I normally use the bathroom sink first thing in the morning. I presume that’s typical. For a reason I can’t recall one morning the first sink I turned on was in the kitchen. Turned the knob, and… nothing. Uh oh. I migrated to the bathroom sink. Turned the knob, same result. Nothing. Something was wrong with our water line – I don’t remember what it was. It was fixed in a few hours. Not an ideal morning but also not a disaster. In the interim time I kept turning the knob and seeing nothing come out. It felt… strange. Disconcerting. It wasn’t like turning on a power button and discovering the batteries were dead. It was stranger. I decided it was so striking for two reasons…
The first is water is important. It isn’t like being unable to turn the television on. I’ll be just fine without tv. Without water I’m like every other human being. Dead in three days. The second is I’ve turned that water knob a lot in my life. I’m 29 years old and I estimate I turn on a faucet an average of about ten times a day. I probably started turning on faucets myself around 3 years old. (29-3) x 365 x 10 = 94,900. Batting .1000 on 94,900 trips to the plate. And then suddenly I struck out. Running water is a miracle. 100% dependable running water even more so. I never really thought twice about it until turning that knob yielded nothing one morning. After 94,900 perfect reps it became an expectation. Our miracles have become commodities.
I watched an episode of Seinfeld recently and realized it’s no longer a show about nothing. That’s what it used to be about. Now it’s about life before smartphones and the internet. The entire episode I found myself thinking how did they manage that without their cell phone? For those who grew up without cell phones, it’s probably nostalgic. Being part of the first generation to grow up with one, it’s weird.*
More remarkably, accessibility of clean water and the ubiquity of smartphones are only two in a long list of commoditized miracles. Air conditioning, vehicles, Microsoft Excel, stainless steel… a rather long book could be filled with these examples. The point I wish to make here is just because everyone else has access to it doesn’t make it any less remarkable.
The same holds true in the investment world.
Everyone wants something unique. Something different. Hedge funds, private equity funds, venture capital, angel investing, options trading, cryptocurrencies, commercial real estate, NFTs, fine art, royalties… the kind of thing not everyone has. That stuff is exciting. Something you can invest in that impresses people when you mention it at a party.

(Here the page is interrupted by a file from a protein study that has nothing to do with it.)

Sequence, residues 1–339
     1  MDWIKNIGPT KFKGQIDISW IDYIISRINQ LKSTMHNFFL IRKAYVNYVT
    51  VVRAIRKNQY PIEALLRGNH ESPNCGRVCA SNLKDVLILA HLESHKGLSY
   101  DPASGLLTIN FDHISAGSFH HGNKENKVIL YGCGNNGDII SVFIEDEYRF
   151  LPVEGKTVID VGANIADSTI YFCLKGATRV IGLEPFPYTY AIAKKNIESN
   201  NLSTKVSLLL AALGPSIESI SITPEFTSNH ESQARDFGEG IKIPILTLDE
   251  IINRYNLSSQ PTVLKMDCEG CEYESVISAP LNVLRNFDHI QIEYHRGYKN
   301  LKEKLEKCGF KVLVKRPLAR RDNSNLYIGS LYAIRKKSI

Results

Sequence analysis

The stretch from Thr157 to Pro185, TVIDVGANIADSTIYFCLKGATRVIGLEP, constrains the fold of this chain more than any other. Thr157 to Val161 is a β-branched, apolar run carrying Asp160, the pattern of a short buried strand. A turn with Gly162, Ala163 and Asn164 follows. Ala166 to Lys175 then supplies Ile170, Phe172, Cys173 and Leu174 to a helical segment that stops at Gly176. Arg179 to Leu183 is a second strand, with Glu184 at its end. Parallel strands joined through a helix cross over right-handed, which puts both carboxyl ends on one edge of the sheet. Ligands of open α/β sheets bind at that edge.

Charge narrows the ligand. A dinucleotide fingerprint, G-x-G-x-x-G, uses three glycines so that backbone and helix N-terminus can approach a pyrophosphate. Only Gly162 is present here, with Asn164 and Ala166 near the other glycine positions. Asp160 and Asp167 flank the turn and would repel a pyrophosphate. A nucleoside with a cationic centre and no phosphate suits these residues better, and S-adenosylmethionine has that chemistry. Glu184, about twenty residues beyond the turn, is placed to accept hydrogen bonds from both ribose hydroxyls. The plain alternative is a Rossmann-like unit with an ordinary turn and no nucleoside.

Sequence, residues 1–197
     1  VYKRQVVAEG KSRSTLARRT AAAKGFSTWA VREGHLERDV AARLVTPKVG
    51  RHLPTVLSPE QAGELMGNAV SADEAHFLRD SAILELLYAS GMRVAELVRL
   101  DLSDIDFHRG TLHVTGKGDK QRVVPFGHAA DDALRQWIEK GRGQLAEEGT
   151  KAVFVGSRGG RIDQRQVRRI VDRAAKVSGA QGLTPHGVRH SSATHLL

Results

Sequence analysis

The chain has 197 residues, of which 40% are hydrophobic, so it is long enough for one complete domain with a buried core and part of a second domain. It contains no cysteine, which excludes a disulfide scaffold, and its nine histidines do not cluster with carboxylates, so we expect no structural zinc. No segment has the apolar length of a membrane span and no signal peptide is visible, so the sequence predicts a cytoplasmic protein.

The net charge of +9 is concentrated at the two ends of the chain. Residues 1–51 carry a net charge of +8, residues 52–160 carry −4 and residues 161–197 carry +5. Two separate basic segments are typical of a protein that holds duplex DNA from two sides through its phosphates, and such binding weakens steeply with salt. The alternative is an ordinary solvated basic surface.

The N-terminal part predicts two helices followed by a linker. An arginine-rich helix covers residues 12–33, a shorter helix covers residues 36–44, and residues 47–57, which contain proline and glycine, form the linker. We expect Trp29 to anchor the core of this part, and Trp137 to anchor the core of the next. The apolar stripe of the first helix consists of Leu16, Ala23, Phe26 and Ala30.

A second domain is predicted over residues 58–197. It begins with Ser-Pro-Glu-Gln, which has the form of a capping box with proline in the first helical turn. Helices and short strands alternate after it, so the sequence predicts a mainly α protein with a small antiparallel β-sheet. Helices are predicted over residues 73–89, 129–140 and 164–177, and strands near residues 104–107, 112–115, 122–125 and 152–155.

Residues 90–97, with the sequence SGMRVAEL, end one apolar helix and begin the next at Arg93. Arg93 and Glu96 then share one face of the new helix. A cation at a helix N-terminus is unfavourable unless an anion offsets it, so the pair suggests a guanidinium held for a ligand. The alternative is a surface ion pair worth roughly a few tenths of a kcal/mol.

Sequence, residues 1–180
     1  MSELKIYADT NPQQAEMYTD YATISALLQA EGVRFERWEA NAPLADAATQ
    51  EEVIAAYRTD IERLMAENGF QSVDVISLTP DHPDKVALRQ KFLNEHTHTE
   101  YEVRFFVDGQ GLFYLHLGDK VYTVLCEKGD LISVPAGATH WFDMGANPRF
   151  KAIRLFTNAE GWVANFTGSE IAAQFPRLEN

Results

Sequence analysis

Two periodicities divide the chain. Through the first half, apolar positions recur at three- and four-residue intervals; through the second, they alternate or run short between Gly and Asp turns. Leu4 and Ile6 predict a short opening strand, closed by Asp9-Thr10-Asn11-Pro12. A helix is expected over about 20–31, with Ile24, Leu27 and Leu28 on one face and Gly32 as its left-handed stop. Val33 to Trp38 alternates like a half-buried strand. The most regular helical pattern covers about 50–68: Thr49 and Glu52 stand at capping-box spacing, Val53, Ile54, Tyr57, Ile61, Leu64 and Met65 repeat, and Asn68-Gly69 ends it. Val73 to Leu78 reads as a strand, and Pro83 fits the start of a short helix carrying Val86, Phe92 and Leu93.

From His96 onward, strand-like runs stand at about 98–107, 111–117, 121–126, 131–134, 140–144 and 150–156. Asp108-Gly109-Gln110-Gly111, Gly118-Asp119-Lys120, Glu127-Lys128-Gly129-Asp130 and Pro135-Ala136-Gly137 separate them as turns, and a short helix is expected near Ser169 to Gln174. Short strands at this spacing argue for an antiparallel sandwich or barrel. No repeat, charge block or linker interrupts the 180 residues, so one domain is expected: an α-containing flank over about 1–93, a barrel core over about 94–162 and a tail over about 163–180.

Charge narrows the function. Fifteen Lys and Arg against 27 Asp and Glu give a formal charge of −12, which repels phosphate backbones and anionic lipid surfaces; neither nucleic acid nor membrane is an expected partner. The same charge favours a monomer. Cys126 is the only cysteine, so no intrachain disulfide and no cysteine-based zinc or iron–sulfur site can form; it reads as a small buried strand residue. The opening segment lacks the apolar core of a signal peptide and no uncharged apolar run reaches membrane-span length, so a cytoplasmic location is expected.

What about a diversified portfolio of American and international stocks?
You mean what everyone already owns in their 401(k)?
Boring. Where is the fun in that? That’s what everyone has.
Are you sure that it’s boring? Or is it so commoditized, so normal, that, much like your perpetual access to infinite, clean drinking water, you’ve never thought twice about how amazing it is?
I’m currently writing this on Word. Word is a computer application created by Microsoft. That’s the company that revolutionized software and computing. I own part of Microsoft.
As I was writing that sentence, I noticed my phone vibrate as a text message from my wife arrived. It’s an iPhone, designed and manufactured by Apple. The iPhone’s first release in 2007 forever changed the world. I own part of Apple.
I confess, I didn’t remember off the top of my head the year the first iPhone was released – don’t be too impressed. I had to do a quick search on Google to do that. Google changed the world too. You guessed it, I own part of Google too.
A few months ago, we bought my wife a new car. She always wanted a small SUV and has… fine tastes. We looked at BMWs and Mercedes. She chose the Bimmer. Funny thing… we own part of both of those auto makers.
I could go on and on. I own hundreds of companies. Every day I interact with and benefit from their products and services.
Make no mistake, when I say “own” a part of these companies, I mean it in the most literal sense. That’s how stock ownership works. You own the stock; you own the company. You can buy a diversified portfolio of stocks – ownership in hundreds of companies – via an exchange traded fund or a mutual fund. Those boring investments in your 401(k). You can have your hedge funds, your private equity funds, your venture capital funds, and whatever else. I own hundreds of the great companies of America and the world.
Each one of the hundreds of companies I own has a singular mission – to create value for me, the shareholder. They work around the clock, seek to hire the best people, take risks, innovate, and invest their capital wisely. The executives and managers lay awake at night thinking about how to ensure their (my) company’s success. All in the pursuit of profitability, which they happily pay me in proportion to my ownership via a dividend. Some of those companies will become enormously successful. Some already are. That’s great for me, the owner. Others will succumb to the vicissitudes of the free market and be overtaken by their competitors.
That’s fine, I own their competitors too.
Sean Cawley, CFP®
*Not in a negative way. I am still undecided whether the internet & smartphones are a net positive on our society. Watching Seinfeld makes me wish for simpler times…
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